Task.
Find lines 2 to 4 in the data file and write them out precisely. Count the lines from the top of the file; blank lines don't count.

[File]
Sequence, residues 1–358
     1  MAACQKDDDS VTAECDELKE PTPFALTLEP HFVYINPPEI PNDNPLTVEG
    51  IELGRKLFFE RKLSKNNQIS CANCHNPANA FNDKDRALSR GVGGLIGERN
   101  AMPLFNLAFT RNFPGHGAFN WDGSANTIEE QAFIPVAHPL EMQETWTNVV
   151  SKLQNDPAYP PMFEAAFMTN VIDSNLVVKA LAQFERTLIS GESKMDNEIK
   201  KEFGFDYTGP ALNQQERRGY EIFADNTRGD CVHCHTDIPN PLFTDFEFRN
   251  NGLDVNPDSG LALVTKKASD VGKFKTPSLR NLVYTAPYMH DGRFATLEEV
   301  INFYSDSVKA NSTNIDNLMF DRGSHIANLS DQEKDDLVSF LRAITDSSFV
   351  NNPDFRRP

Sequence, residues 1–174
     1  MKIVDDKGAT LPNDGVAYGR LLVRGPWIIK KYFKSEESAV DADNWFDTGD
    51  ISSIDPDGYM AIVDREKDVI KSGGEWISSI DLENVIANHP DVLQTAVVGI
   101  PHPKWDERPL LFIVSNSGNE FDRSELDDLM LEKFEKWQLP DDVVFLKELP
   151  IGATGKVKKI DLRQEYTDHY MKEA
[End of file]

     1  MAACQKDDDS VTAECDELKE PTPFALTLEP HFVYINPPEI PNDNPLTVEG
    51  IELGRKLFFE RKLSKNNQIS CANCHNPANA FNDKDRALSR GVGGLIGERN
   101  AMPLFNLAFT RNFPGHGAFN WDGSANTIEE QAFIPVAHPL EMQETWTNVV